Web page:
Continuing the story Loans ...




WILLIAM FULLARTON, grandfather of Robert Fullarton who was the Loans blacksmith in 1905, built the two‑storey land to the north on the Irvine Road, in which was situated the Post Office. Robert for his part, was a superb craftsman in every facet of the anvil art, and his skill in shoeing horses was legion.                   


He was an artist in every sense of the word, and always had a highly interested audience either children who were 'dogging it’ from school; various gentlemen who were unemployed through no fault of their own or the occasional layabout who, in the absence of television, merely enjoyed being entertained.


'Provided that they kept out of his way and did not impede the vital work he tolerated them. But heaven help anyone who broke the unspoken rules, as he did not suffer fools gladly.


The whole atmosphere of a smiddy was some thing to savour, the sights, the sounds and the smells, Loans and Troon being the, focal points at the turn of the century.


In the latter case there was the establishment in the Smiddy Close, in the centre of Portland Street, almost opposite Prince’s Square, run by Bob McLean for many years and later by the tall, very elegant gentleman known as Peter Paterson another immaculate professional. his assistants through the years being Mike Glynn and Alex Gouck.


Whether it was at the place in Robertloan village or at Troon, there was invariably the flat bedded open furnace fed by coke, and air‑induced by bellows, hand propelled.




A container of water was always handy when work on the iron horseshoes, one at a time had been completed to the constant ring of hammer on anvil.


The finished product had to be immersed in the liquid to cool, a sharp blast of steam always filling the adjacent area, causing nearby spectators to jump almost out of their skins on each and every occasion.


The piece de resistance, however, had taken place prior to the cooling process, when the red‑hot iron shoe was picked up by the smiddy, a pair of tongs being used of course.





Then there was the moving over to the animal, whose head was generally held by an employee or by a reliable onlooker. It was now the moment of truth. The craftsman lifted the hoof, placed it between his legs from the rear end laid the hot shoe in position quickly but with great care.


Children used to watch with bated breath. But it in 'no way ' ever hurt the animal there being no actual living tissue adjacent to the hot metal, but it sizzled, fumes filled the air and the odour was priceless.


Once the fit to the foot was considered to be perfect the shoe was nailed carefully into place, and stage one was over. No one ever left, however, until the entire job had been done and the horse taken away.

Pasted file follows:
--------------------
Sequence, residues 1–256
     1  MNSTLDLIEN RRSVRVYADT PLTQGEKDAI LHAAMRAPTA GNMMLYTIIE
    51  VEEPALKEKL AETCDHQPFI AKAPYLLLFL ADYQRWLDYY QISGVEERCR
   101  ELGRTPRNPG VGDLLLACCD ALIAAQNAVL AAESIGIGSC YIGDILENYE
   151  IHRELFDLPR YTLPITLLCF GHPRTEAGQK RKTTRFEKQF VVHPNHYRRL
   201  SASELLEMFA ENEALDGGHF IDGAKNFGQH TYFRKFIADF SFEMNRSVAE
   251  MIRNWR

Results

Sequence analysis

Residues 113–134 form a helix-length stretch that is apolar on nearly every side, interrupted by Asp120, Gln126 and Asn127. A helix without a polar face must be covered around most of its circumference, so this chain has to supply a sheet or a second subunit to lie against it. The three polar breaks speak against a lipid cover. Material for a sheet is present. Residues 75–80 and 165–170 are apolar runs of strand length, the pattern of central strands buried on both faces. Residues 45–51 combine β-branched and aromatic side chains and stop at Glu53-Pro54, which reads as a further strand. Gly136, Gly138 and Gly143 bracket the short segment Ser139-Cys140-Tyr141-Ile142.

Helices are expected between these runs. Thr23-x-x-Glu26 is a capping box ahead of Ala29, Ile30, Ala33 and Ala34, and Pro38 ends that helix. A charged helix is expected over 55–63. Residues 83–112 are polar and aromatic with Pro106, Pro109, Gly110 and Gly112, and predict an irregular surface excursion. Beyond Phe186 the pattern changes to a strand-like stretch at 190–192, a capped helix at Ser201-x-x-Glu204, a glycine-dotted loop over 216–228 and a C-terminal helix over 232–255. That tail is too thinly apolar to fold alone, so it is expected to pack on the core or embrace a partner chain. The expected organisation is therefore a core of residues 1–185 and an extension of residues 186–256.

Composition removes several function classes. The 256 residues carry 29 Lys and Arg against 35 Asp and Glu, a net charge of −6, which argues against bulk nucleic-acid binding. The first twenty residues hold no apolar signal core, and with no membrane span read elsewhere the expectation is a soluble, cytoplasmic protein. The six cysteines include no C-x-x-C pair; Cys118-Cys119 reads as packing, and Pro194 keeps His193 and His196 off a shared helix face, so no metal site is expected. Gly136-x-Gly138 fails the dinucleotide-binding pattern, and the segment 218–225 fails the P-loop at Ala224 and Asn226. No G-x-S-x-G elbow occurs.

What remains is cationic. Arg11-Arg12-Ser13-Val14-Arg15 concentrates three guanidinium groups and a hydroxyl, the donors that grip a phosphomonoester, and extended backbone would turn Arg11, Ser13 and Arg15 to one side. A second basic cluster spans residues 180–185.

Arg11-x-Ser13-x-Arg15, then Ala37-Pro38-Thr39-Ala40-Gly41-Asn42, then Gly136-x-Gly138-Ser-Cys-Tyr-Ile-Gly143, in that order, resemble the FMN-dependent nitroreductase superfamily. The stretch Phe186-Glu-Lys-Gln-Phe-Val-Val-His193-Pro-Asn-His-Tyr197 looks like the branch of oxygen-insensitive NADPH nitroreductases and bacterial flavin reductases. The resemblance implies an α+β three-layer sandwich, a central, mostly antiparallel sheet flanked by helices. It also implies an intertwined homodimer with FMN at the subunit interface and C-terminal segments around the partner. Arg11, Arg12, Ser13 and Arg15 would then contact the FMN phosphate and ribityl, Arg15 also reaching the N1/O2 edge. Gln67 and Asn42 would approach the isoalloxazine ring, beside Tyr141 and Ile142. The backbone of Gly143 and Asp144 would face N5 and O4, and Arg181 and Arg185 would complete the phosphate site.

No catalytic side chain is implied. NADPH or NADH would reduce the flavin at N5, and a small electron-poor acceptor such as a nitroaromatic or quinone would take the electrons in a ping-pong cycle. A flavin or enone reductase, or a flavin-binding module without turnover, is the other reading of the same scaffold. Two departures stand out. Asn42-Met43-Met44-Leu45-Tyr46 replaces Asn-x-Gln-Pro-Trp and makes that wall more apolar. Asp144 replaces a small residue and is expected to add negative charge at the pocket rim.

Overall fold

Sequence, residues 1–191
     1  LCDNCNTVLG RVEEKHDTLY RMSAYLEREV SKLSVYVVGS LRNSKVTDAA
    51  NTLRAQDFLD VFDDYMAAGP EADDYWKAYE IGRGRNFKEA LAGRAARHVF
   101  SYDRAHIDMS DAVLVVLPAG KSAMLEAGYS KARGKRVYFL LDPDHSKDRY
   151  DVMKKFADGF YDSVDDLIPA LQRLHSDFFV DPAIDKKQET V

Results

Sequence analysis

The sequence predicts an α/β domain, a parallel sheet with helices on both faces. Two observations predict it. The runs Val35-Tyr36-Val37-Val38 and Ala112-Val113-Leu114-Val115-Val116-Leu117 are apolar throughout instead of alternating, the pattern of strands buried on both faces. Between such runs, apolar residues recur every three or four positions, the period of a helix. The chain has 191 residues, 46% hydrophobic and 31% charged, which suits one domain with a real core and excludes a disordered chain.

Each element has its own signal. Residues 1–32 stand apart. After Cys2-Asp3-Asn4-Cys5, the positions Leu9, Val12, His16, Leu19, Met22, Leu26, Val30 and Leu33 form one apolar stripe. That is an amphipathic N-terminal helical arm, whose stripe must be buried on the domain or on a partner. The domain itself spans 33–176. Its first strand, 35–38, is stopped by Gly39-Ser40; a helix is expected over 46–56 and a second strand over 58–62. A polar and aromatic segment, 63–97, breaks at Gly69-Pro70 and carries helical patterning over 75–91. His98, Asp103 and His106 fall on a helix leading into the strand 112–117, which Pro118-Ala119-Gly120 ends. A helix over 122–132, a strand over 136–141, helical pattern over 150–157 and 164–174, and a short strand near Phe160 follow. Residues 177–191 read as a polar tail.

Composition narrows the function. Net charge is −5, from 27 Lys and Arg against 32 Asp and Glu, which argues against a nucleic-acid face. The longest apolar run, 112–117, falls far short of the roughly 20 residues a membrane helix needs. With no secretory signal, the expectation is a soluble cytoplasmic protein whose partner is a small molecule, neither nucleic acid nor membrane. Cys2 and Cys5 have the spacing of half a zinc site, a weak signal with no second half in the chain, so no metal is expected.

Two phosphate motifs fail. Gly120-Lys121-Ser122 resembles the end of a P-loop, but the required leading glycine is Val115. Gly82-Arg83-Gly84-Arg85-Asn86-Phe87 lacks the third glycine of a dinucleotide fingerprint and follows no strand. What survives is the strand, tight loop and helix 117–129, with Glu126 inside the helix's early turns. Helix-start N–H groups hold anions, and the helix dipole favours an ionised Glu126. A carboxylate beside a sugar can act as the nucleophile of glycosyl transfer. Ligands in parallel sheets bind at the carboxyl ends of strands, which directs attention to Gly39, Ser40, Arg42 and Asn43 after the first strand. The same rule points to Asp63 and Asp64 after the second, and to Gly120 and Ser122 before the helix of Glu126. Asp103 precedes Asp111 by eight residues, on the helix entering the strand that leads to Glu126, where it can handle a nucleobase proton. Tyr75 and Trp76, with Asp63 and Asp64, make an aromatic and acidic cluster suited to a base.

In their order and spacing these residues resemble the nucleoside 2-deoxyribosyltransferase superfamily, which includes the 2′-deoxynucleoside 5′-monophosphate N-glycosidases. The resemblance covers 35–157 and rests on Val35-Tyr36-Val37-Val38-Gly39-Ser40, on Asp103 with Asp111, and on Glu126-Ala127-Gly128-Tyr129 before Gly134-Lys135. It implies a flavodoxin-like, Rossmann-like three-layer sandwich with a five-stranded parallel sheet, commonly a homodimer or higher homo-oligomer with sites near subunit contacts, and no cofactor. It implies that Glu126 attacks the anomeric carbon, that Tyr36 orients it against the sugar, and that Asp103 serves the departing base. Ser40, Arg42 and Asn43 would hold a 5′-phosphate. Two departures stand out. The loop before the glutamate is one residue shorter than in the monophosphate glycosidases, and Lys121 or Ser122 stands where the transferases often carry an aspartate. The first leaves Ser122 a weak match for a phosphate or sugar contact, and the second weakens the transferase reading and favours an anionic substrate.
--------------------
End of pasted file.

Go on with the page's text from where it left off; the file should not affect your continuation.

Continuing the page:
There is little doubt that such a task, that of working in almost perpetual heat, unrelenting fumes, coupled with the very heavy physical work; must have given such men a thirst worth buying. And the sound of hammer on anvil, coupled with the miscellaneous other tinkling sounds, was akin to that of a mighty orchestra.


Villages such as Loans bred tradesmen of note. The original joiner of this rural spot was Tam Hutcheson who went down to Troon and started a shop opposite the Rev James Fleming's manse. Tam was of a speculative turn of mind, being somewhat of a gambler, and through stress of circumstances, ultimately left for New York.


Latter‑day joiners from the same 'airt', following and prior to the Boer War, were Tom Wilson, Sandy Wallace and John Porter. During the 1880's John Porter could be seen driving about in the area in a gig drawn by a beautiful black mare, all of which he had bought from William Dickie for the sum of two sovereigns. Had his great grand-daughter Margaret been around at that time she would have had no worries about transport. She of course did not appear until later, considerably later.




These tradesmen of the village were all characters in their very individual way, with no end of tales to tell of fights with gaugers, the old house behind the burn being little better than smuggling vaults. All had double walls and double and many a good cargo from the Isle of Man and Northern Ireland had been run under the Loans hearth‑stones. Sometimes the vaults were not, considered safe and the Robertloan midden was often in use for depositing the valuable ankers of brandy.


Dugald McGeachan was the village shoemaker, one of the last of the soutars, a Cumnock man whose hobby was fishing. Never to waste a minute or a penny, he spent his few holidays helping the farmers at harvest time ‑ paid for of course.


This brief history of the early years of the clachan has almost come and gone with hardly a mention of, schools or children, and the latter did exist, even in Loans.